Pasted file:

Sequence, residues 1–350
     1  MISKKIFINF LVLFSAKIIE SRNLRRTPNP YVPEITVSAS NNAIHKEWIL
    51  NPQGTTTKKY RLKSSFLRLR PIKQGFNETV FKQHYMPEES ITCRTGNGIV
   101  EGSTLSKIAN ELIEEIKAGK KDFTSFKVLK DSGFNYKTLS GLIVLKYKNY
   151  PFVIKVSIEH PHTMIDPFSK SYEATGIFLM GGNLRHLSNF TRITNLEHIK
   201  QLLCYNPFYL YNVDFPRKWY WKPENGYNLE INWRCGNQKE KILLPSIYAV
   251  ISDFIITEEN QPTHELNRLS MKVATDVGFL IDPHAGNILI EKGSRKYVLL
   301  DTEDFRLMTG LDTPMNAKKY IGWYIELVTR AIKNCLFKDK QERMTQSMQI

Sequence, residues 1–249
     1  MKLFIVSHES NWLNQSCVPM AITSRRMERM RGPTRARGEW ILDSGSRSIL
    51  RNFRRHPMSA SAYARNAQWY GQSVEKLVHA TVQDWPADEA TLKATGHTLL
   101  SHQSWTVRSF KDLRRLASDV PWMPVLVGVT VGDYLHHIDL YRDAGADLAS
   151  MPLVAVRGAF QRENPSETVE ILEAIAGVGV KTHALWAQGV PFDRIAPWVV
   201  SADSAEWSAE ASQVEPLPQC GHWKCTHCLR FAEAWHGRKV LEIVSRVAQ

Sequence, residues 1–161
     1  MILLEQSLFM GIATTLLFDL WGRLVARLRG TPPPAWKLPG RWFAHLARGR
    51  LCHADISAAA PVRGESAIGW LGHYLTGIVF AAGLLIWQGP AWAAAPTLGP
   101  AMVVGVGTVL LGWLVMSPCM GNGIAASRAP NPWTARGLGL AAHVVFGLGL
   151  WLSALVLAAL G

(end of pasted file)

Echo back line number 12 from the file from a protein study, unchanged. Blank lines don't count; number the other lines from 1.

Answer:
   101  SHQSWTVRSF KDLRRLASDV PWMPVLVGVT VGDYLHHIDL YRDAGADLAS